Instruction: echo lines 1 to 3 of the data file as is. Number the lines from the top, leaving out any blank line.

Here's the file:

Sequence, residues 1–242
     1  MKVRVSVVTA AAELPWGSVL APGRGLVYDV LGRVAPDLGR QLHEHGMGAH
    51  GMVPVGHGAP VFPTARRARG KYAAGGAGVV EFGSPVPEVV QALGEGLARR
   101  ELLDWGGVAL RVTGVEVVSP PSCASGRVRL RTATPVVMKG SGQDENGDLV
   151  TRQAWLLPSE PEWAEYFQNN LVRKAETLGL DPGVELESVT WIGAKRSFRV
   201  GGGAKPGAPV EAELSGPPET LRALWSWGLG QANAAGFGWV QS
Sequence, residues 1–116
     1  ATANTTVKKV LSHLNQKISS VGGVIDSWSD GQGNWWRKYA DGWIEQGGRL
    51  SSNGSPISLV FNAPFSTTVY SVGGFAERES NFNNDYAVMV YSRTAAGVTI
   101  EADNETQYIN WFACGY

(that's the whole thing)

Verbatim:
Sequence, residues 1–242
     1  MKVRVSVVTA AAELPWGSVL APGRGLVYDV LGRVAPDLGR QLHEHGMGAH
    51  GMVPVGHGAP VFPTARRARG KYAAGGAGVV EFGSPVPEVV QALGEGLARR